THE California Republican Party voted on Sunday, Sept. 20 to soften its stance on immigration, responding to harsh rhetoric from current GOP presidential candidates.
Republicans have been struggling to find a balance between appealing to California’s growing immigrant population and satisfying its base of white conservatives, the Los Angeles Times reported.
The issue has escalated with real estate and former “Celebrity Apprentice” host Donald Trump, who has been soaring to the top of the primary polls with his very outspoken, generally negative views on immigration.
The party’s other candidates also took a pessimistic viewpoint at last week’s debate in Simi Valley, California. Former Arkansas Gov. Mike Huckabee said the nation was “on the brink of collapse” because of President Barack Obama and a Supreme Court infected with “judicial tyranny.”
“We’ve been out of touch with where voters are,” said Richard Temple, a veteran party strategist who was present at Sunday’s platform vote. “We have to have the right tone and language.”
Changes to the GOP’s stance were proposed by a Latino party official from Fresno, Marcelino Valdez, who said it was a reaction to Trump’s “offensive” comments on immigrants.
The state party’s changes say Republicans “hold diverse views on what to do with the millions of people who are currently here illegally.” The wording of the amendment was tweaked after a committee meeting on Sept. 20, which used the phrase “otherwise law-abiding folks” instead of “people.”
Although the new language emphasizes opposition to “amnesty,” it removes the statement that “allowing illegal immigrants to remain in California undermines respect for the law.”
It’s important to use “language that is more appealing to California’s diverse electorate,” Valdez said.
Sunday did not mark a wholesale left turn by state Republicans, who still hold certain views on immigration and also generally oppose gay marriage. The party also discussed the issue of abortion, reaffirming its strict definition of life as beginning at the moment of conception.
Still, “the change was noteworthy for what it said about the party’s desire to better reflect what our party is now,” Harmeet Dhillon, vice chairman of the state Republican Party, told the Los Angeles Times on Sunday.
“There’s more sensitivity to the issues around legal and illegal immigration,” she said.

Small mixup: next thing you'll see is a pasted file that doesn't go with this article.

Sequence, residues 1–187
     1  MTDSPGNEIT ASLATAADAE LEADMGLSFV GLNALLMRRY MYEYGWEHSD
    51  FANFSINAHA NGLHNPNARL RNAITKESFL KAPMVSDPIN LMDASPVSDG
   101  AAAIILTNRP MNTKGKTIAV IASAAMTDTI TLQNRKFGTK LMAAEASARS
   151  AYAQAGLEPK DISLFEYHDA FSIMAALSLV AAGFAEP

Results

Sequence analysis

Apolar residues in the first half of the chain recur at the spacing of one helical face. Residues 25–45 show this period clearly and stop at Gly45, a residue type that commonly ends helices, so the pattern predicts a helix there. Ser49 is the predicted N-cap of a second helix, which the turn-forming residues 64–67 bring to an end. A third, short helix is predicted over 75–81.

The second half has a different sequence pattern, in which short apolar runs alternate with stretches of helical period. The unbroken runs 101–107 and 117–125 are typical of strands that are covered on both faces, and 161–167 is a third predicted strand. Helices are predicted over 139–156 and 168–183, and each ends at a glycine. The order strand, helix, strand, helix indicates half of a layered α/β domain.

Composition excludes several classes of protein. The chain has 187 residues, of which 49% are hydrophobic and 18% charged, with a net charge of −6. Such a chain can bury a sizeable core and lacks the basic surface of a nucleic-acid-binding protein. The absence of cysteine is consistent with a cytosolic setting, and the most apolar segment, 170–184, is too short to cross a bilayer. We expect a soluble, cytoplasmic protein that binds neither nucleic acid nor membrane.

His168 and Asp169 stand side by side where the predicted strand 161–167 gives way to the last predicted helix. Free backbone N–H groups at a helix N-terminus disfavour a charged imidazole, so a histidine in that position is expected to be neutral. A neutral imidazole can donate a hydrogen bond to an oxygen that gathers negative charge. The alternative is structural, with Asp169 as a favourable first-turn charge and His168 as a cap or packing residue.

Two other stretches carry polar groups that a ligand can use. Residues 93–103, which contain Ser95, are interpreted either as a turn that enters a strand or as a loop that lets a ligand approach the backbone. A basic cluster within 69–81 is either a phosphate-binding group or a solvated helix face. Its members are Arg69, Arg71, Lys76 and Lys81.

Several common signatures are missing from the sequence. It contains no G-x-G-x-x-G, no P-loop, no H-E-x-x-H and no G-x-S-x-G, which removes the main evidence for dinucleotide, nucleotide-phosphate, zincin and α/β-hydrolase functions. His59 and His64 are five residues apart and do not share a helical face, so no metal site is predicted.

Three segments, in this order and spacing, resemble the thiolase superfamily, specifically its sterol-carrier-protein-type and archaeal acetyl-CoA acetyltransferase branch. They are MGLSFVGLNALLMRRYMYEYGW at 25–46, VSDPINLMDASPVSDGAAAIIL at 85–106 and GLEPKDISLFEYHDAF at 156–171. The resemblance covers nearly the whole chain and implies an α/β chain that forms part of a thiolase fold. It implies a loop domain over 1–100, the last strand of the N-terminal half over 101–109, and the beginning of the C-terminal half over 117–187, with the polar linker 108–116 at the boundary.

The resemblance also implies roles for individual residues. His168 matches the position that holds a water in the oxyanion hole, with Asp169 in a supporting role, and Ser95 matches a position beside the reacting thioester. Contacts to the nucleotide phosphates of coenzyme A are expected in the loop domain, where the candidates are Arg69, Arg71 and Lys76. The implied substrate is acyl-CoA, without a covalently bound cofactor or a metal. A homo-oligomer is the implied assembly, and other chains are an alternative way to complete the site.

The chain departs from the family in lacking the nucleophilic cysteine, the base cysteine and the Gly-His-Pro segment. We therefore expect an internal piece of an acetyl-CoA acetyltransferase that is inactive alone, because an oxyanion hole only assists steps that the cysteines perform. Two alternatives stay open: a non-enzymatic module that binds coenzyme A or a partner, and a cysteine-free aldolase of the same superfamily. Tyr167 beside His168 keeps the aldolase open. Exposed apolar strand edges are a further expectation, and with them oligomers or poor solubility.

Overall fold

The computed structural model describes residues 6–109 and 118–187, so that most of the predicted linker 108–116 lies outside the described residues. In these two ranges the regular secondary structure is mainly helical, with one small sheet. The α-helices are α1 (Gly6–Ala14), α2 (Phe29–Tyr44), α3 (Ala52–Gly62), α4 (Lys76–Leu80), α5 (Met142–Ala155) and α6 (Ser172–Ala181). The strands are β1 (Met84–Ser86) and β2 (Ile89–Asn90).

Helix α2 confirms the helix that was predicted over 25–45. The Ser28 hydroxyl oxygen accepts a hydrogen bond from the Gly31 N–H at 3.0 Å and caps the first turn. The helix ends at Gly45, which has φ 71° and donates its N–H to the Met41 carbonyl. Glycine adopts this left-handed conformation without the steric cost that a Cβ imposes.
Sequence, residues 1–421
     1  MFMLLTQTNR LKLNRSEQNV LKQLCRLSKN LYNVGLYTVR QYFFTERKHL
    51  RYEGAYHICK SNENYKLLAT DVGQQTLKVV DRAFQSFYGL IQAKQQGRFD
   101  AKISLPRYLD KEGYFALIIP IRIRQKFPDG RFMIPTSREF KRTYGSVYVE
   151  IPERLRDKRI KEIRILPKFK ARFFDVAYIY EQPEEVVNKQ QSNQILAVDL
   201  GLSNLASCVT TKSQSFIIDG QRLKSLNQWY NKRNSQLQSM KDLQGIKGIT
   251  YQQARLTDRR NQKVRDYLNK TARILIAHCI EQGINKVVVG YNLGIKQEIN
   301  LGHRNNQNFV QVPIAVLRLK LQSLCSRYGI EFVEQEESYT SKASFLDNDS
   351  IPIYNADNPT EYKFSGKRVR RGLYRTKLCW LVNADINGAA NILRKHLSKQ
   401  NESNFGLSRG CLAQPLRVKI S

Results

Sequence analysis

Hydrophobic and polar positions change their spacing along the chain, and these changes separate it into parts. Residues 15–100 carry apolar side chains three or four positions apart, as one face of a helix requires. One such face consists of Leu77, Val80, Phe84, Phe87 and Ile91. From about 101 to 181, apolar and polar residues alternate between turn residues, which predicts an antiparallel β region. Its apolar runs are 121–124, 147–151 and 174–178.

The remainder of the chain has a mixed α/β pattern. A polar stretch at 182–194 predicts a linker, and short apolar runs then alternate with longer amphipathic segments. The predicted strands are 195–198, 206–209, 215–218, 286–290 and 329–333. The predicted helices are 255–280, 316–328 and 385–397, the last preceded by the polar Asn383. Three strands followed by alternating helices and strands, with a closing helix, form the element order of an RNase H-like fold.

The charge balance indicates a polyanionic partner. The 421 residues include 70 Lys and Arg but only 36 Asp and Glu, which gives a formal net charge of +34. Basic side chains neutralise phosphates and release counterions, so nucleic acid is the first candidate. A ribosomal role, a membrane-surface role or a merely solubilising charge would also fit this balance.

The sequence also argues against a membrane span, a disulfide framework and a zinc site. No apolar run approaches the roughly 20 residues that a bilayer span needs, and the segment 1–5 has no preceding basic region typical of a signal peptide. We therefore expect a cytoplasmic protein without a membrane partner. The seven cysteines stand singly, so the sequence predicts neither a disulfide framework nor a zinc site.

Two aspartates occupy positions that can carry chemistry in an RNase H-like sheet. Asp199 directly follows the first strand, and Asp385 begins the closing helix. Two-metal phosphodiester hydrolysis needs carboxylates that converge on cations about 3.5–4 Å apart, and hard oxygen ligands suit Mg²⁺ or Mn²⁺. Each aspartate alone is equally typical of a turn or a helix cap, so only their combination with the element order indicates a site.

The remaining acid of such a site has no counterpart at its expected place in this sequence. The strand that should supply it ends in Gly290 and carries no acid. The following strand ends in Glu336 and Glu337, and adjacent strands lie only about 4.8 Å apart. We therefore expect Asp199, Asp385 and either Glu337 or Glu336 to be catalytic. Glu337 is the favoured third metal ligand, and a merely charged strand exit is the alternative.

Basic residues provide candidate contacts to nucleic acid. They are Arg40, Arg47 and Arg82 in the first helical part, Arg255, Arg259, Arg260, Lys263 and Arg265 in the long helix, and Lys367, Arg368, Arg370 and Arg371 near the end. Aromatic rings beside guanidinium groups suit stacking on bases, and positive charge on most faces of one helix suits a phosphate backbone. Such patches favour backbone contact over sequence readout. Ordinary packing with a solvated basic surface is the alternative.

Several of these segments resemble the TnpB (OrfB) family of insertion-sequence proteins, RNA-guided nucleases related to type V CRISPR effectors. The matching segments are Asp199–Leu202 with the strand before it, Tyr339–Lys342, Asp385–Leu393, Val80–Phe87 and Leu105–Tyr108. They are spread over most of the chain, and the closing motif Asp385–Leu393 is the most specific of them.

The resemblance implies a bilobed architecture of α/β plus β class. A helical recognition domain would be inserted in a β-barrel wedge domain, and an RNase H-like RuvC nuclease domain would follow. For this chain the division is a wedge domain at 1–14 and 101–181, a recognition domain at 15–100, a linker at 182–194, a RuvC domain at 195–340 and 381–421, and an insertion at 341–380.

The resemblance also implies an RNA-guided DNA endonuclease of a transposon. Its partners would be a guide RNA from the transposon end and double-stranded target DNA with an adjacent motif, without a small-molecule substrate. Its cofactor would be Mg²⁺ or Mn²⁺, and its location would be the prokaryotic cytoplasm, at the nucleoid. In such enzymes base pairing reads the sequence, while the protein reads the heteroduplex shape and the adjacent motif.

In a statement after the vote, Valdez called the party’s platform changes “an anti-Proposition 187 plank,” referring to the controversial 1994 ballot measure that would have prevented undocumented immigrants from receiving public services. Prop 187 was later invalidated by federal courts, but not before it helped to push Latinos away from the Republican Party.
Broadening the Republican reach has been a focus of state GOP Chairman Jim Brulte, who has “advocated flexibility to allow candidates to conform to the views of their districts,” he said.
Typically, that has meant accommodating more moderate views of candidates on matters such as abortion rights, illegal immigration and gay rights.
Although individual Republicans have presented a more moderate face, the party as a whole has trailed behind, trying to bridge its disparate membership.
Some of the tension was aired Sunday before hundreds of delegates cast an overwhelming voice vote, on behalf of the changes to the immigration platform.
“We are about legal immigration,” one delegate said, emphasizing the word ‘legal.’ “I think a platform could say people of the world come to our country legally and reside in our country legally. Period.”
In previous studies done before the 2014 election, poll strategist Richard Temple said the GOP accounts for 20 percent of California’s dependable voters. Democrats represent 45 percent, which is more than double the GOP’s share. Independents make up the remaining 35 percent, but Republicans must capture almost all of their votes to win statewide elections–which explains why no Republican has won statewide in almost a decade.
Chief among the groups targeted by Republicans as life preservers are women, Latinos, Asians, independent voters, and young millennial voters.
Women also make up the majority of California voters, according to Temple. According to studies, women are far more likely to care more than men about abortion rights, economic inequality, healthcare, gay marriage, and the environment.
“Republican candidates need to come up with ideas on those subjects that are consistent with their principles, and not to just demand that Democratic plans be scuttled,” said Temple.
“If we don’t do something about it, we will not be competitive in California any longer. We can get these people, if we have the right message.”
Jon Fleischman, a conservative blogger and former party delegate, spoke against the change on Saturday by calling it “too ambiguous.”
But he voted for it on Sunday, after the phrase “otherwise law-abiding folks” was removed.
“You can’t be law-abiding while you’re breaking the law,” he said.
Some fear Republicans may be seen as not going far enough. The state party did not, for example, back a path to citizenship for people in the country illegally, a position supported by a strong majority of Californians.
“There are going to be people that if we made the chair of the party and the top of the ticket somebody born of immigrant parents, it would not convince them that we are the right party for them because of the history of Prop. 187 and other issues,” Dhillon said.
“The effect of the recent moves depend on the voter,” she said. “We are doing what is right for our party.”